Mania Grade: B-
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- Art Rating: A
- Packaging Rating: A
- Text/Translatin Rating: A
- Age Rating: 18 & Up
- Released By: 801 Media
- MSRP: 15.95
- Pages: 170
- ISBN: 978-1-934129-07-4
- Size: B6
- Orientation: Right to Left
- Series: Love is Like a Hurricane
Love is Like a Hurricane Vol. #01
By Danielle Van Gorder
October 29, 2007
Release Date: June 30, 2007
Love is Like a Hurricane Vol.#01
© 801 Media
Translated by:Leona Wong
Adapted by:What They Say
Mizuki gets molested on a train bound for school, and the perpetrator is none other than the school president, Azuma! Mizuki gets called to the student council room, where Azuma confesses his love for him. So begins the tale of this wacky school story.The ReviewPackaging
The packaging on 801 Media's releases is top-notch, as it should be for the price. Full color wraparound dust jackets, color pages, and decent, if not spectacular print quality are all included. Some pages seem slightly faded and the screen tone reproduction isn't as exact as it could be, which are the only major flaws I found - and, quite honestly, at a lower price point I likely wouldn't have even commented. The cover is an interesting piece with Azuma holding a pouting Mizuki. The overall layout of the cover isn't bad, although the logo is slightly overwhelming at first glance. Art
Shimazaki's art is extremely cute, with characters with round faces and blushing cheeks, big eyes, and adorable expressions. It's definitely something that should appeal to quite a few people out there. Her facial expressions are fantastic, with more variety than many artists can match and doing quite a bit to show who the characters really are. While there's some similarity with the minor characters, the major characters in the story are all distinct enough that there's no real risk of getting them confused. Her panel layouts deserve mention as well - they're creative, visually interesting, and showcase her art well. Overall, a very nice looking book.Text/SFX:
All sound effects are translated by subtitling near the original effect in a font that closely matches the original. The translation flows smoothly with no real rough points.Contents (please note that content portions of a review may contain spoilers):
When Mizuki is molested on his way to school one day, he's shocked to discover that his attacker is none other than Azuma, the student council president. He tries to confront Azuma to make him stop, but when Mizuki is summoned to the student council office again later, things go even farther. Azuma even goes so far as to confess his love to Mizuki, but when Mizuki starts to wonder why Azuma would love him, the student council vice president Miyamoto warns him that he's better off not asking.
Mizuki, of course, can't leave well enough alone, and gets more than he planned on when he asks Azuma about it. As their relationship progresses, it seems to fall into this routine - Mizuki hears something and flies off the handle, confronts Azuma, ends up in a compromising situation, and then, at the end, everything works out somehow. It's an odd pattern, but oddly works with these two characters.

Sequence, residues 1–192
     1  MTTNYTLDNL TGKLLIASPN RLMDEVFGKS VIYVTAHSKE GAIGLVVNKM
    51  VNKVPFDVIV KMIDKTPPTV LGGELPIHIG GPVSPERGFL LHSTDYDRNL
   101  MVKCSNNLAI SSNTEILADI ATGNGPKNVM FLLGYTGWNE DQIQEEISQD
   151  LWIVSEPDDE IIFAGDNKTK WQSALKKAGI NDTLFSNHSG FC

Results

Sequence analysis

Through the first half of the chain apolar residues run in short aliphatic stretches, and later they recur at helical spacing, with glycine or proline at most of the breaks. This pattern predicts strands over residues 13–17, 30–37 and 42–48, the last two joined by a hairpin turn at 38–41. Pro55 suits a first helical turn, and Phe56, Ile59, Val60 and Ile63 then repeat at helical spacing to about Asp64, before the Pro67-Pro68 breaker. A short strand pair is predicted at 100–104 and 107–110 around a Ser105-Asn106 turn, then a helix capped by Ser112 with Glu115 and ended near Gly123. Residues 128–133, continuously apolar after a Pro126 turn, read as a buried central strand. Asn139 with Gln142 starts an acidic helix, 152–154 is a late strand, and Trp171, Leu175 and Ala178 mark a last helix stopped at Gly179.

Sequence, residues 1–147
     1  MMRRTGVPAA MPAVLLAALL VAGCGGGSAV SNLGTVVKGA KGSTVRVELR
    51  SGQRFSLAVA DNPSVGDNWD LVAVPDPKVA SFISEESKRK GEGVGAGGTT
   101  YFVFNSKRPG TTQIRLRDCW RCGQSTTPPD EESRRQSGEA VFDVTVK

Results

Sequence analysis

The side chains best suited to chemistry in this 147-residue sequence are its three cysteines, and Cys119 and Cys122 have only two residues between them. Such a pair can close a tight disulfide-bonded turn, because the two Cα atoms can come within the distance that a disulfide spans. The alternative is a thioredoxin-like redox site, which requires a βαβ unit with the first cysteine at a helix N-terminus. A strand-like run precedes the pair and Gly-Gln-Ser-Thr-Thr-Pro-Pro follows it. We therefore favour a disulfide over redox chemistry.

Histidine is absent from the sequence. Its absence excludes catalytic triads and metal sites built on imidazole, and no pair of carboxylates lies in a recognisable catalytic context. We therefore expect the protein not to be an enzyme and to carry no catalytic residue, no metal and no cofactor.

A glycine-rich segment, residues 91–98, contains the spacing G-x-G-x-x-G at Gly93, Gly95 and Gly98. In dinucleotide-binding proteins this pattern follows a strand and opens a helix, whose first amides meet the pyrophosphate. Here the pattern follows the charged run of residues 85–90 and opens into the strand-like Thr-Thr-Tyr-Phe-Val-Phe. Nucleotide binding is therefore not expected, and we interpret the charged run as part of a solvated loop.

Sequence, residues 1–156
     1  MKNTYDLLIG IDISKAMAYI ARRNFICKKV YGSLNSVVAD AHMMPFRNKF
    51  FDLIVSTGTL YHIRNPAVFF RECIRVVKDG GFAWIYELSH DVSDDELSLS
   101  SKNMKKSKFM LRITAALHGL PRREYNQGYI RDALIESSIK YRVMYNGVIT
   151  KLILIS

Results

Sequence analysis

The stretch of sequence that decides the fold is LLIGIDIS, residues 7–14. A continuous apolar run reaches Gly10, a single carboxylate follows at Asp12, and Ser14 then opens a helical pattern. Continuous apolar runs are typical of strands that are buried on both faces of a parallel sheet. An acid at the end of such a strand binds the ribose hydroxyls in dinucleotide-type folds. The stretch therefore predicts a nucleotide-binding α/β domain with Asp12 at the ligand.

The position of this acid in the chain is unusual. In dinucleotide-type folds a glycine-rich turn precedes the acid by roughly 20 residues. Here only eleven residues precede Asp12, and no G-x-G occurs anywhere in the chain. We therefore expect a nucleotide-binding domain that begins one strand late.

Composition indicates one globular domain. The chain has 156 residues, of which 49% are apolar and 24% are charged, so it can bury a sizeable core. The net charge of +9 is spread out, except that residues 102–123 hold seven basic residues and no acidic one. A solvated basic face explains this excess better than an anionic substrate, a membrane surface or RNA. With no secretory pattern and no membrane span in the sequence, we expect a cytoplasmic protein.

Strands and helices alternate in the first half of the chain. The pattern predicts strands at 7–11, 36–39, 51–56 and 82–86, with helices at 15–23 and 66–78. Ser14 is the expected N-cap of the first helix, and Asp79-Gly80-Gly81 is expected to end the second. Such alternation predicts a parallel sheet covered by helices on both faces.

In the next story, Izumi and his "younger brother" Akira have an odd relationship. Izumi isn't entirely comfortable with it, but when he tries to put a stop to it he finds out exactly what Akira's true feelings really have been all along.
Next, Minato is a playboy who avoids commitment, prefering to belong to everybody, when an impulsive transfer student, Kazuomi, somehow convinces him to date Kazuomi exclusively. Minato ends up having some serious problems dealing with his out of character responses to Kazuomi. The final story in the book deals with Taiga, who's daydreaming about his childhood friend Yuki, when Yuki himself shows up, determined to stay with Taiga. Taiga is more than a little distressed, however, to realize that the Yuki of his childhood is actually a guy. Comments
I have some problems with the initial setup of the story and with Mizuki as a character who's seemingly willing to stand up for himself, but not when it counts. Getting past that, the story is the usual sort of BL fluff that's distressingly common, with little to distinguish it from everything else that's out there. Despite these flaws, the story manages to entertain - which might be related to the sheer absurdity of some of the situations Mizuki finds himself in. The story often feels like just an excuse for sex scene after sex scene, with any additional character exploration left for the last page or two of the chapter. The chapters dealing with the other couples provided some much needed variety in both story type and characters - Kazuomi especially struck me as a really entertaining character.
While this isn't particularly memorable, the art and the side stories make it worth the price of entry - although I could wish the cover price wasn't quite so high. For readers looking for something more graphic than the usual BL fare, this definitely delivers.